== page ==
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Remember This? White Hurricane tore through the Great Lakes sinking 19 ships

It was 105 years ago today the Great Storm of 1913 receded, leaving 27 Collingwood Merchant Marine Sailors dead.
The James Carruthers, built in Collingwood and launched May 22, 1913, sunk a few months later during the Great Storm of 1913. It's crew was killed when the ship sank. Contributed photo: Huron Institute 84; Collingwood Museum Collection X969.540.1

This weekend marks the 105th anniversary of the Great Storm of 1913, the most destructive natural disaster recorded on the Great Lakes. Nicknamed the “Storm King” and “White Hurricane,” the storm lasted four long days between November 7 and 10.

Just five months earlier the largest ship on the Great Lakes was under construction in Collingwood: Hull 38 James Carruthers. The steamer is pictured above in the course of construction on May 5, 1913 along the Hurontario Street launching basin, the present site of the Promenade Trail.

Launched on May 22, 1913, the vessel left Collingwood on its maiden voyage in June. On November 6 the James Carruthers took on a load of grain at Fort William and left for the lower lakes. Just three days later she was overtaken by the storm and disappeared in Lake Huron with all hands on deck. At the time of sinking, the vessel was valued at $410,000. The exact position of the wreck has yet to be discovered.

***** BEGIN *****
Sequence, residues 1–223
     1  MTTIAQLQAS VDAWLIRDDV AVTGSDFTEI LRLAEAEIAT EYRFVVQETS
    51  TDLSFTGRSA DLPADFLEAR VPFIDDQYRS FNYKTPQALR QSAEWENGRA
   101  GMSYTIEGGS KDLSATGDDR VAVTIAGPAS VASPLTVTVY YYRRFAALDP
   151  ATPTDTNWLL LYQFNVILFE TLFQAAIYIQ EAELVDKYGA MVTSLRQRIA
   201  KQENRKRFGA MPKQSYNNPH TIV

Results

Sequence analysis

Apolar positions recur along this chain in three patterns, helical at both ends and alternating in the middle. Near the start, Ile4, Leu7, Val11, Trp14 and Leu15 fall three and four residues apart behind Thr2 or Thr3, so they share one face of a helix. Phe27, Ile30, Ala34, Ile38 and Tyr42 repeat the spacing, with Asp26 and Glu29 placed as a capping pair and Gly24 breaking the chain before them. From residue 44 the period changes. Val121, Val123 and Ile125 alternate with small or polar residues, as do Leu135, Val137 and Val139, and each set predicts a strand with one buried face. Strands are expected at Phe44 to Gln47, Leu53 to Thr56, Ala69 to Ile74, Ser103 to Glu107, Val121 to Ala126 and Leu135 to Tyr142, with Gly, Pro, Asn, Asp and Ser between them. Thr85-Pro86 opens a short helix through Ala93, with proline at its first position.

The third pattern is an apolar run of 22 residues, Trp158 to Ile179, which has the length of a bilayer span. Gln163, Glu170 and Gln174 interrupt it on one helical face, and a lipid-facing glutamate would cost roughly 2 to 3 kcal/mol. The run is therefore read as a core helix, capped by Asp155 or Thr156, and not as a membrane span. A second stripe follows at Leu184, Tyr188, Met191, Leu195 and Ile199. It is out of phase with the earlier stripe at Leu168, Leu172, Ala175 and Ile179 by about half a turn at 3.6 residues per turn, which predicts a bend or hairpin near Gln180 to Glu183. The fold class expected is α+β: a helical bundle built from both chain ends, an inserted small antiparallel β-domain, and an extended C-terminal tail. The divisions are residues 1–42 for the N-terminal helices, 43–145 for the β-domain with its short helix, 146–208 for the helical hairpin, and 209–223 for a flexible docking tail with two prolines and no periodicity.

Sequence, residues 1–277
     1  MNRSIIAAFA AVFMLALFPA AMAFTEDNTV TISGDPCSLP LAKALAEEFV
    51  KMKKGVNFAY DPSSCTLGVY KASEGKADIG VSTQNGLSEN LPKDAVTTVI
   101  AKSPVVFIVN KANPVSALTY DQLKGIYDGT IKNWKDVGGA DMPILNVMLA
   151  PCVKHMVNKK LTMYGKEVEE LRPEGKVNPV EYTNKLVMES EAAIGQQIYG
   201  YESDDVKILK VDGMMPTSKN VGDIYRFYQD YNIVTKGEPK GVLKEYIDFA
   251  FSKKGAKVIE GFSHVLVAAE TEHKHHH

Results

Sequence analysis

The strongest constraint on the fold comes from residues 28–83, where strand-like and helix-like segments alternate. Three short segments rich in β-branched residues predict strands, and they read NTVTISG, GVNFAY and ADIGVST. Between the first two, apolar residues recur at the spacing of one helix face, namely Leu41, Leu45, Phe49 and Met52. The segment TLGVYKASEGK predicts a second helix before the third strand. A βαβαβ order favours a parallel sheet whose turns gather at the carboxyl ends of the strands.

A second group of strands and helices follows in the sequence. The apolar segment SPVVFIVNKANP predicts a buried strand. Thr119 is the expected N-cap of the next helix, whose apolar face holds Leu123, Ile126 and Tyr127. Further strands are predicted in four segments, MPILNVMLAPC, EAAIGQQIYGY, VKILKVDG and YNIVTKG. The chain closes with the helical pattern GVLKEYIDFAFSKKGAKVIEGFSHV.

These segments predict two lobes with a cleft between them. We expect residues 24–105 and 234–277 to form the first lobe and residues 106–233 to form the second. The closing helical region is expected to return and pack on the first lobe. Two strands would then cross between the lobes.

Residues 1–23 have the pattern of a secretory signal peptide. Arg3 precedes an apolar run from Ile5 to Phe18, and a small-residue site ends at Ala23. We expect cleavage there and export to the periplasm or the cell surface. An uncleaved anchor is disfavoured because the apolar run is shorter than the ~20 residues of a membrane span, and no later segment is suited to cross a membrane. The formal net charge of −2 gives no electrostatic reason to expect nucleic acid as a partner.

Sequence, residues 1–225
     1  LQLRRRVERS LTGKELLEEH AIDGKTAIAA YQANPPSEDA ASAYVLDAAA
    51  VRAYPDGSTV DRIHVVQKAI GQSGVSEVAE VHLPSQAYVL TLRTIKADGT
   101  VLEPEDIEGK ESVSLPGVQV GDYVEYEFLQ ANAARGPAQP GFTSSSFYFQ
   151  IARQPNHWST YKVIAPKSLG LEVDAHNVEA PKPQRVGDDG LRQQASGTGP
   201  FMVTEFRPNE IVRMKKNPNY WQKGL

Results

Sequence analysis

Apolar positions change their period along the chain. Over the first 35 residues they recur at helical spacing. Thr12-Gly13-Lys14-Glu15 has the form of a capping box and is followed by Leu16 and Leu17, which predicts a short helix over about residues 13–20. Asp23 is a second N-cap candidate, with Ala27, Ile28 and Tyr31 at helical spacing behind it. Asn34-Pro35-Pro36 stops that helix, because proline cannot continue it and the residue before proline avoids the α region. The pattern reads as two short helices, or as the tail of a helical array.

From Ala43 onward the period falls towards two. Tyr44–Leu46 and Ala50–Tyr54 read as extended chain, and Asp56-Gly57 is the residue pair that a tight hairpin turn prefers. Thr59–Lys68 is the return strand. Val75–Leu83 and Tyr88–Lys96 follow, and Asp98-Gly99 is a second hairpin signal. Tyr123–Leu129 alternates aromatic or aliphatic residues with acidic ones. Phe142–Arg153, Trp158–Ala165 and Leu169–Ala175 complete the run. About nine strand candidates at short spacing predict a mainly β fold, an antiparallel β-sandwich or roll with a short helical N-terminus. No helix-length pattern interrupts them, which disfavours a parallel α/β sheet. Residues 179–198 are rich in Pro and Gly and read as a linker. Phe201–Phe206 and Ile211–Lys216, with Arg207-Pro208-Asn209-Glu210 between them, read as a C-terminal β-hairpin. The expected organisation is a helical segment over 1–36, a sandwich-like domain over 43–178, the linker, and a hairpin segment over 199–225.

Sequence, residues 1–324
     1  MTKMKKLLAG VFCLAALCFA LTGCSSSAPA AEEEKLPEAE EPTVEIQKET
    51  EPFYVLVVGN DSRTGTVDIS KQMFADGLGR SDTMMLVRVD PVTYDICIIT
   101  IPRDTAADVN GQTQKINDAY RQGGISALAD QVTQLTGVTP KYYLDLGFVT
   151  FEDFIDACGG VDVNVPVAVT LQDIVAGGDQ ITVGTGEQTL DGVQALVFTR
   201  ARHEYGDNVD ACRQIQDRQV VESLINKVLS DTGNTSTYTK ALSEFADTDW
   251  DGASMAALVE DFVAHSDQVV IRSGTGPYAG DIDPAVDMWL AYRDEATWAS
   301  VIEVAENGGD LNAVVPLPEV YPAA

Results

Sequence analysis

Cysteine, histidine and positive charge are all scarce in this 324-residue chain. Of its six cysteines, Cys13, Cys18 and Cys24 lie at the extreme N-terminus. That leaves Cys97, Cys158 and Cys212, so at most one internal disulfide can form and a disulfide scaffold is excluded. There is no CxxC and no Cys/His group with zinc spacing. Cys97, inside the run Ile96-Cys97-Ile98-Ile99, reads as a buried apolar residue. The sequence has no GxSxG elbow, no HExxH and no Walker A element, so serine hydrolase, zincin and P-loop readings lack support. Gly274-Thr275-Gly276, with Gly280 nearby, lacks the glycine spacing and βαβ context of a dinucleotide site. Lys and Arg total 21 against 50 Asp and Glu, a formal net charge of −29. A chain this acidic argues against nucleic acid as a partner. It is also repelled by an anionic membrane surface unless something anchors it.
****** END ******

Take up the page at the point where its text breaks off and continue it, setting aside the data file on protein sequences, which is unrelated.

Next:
Over the course of the storm’s devastation more than 250 crew members drowned, 19 ships were sunk, and 19 others were stranded on Lakes Huron, Michigan, Erie, and Superior. As news of the storm’s ferocity and destruction began to break, the people of Collingwood prepared for what would become the greatest single tragedy to touch the town in recorded history. Many local families held significant and lengthy ties to Collingwood’s shipping industry, whether through the Collingwood Shipyards or service on the lakes as captains, engineers, mates, stewards, and cooks. The number of Collingwood dead is estimated at 27 aboard four vessels: Wexford, Regina, James Carruthers, and Leafield. The sinking of the Leafield claimed 17 of the 27 lives.

A public memorial service was held under the auspices of Mayor Gilpin and Collingwood Town Council on November 23 in the Opera House at Town Hall. Many in attendance were required to stand as vacant seats were taken well before the service began, despite children being barred from entry.

A memorial window was unveiled in All Saints’ Anglican Church in January 1931 that bears the following inscription: “To the Glory of God and in Commemoration of our Merchant Marine Sailors who Lost their Lives in the Great Storm of 1913.” This is the only known local memorial to the men and women who lost their lives in this tragic storm.

Remember This is a weekly series of historic photographs submitted by the Collingwood Museum to These photographs were originally collected and documented by the Huron Institute in an historical catalogue entitled Huron Institute Paper and Records: Volume III. Much of Collingwood’s early history has been preserved due to the dedication and foresight of the early museum’s founders, namely its secretary-curator David Williams, upon its establishment in 1904.